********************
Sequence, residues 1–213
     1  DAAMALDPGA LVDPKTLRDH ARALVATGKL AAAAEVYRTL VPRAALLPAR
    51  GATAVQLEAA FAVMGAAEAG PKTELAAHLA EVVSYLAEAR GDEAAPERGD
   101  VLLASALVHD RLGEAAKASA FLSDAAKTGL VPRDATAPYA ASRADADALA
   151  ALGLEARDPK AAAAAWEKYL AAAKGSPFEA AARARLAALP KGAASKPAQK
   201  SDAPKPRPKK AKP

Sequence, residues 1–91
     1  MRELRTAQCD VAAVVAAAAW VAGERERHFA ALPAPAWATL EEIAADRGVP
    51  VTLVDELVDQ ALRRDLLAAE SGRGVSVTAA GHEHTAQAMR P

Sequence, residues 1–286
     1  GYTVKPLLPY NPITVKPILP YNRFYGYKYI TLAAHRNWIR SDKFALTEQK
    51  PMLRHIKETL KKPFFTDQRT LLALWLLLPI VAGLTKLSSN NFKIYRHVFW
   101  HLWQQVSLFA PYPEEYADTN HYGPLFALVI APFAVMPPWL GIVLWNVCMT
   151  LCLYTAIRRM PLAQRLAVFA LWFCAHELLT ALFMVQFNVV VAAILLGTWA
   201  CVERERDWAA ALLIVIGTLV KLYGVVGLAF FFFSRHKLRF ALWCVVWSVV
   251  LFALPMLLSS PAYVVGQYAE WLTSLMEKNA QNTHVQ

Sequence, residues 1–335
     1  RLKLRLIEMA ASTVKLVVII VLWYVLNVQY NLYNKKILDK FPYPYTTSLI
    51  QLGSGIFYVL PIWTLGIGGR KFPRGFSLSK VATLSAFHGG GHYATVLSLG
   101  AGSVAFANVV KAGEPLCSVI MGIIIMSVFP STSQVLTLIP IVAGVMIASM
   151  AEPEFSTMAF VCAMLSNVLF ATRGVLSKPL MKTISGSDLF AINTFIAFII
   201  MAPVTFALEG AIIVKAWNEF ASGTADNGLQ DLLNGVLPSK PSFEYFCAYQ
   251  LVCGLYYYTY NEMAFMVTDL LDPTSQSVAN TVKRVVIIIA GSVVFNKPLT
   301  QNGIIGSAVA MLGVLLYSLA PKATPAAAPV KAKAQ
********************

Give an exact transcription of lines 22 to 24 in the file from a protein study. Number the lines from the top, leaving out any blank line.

   201  MAPVTFALEG AIIVKAWNEF ASGTADNGLQ DLLNGVLPSK PSFEYFCAYQ
   251  LVCGLYYYTY NEMAFMVTDL LDPTSQSVAN TVKRVVIIIA GSVVFNKPLT
   301  QNGIIGSAVA MLGVLLYSLA PKATPAAAPV KAKAQ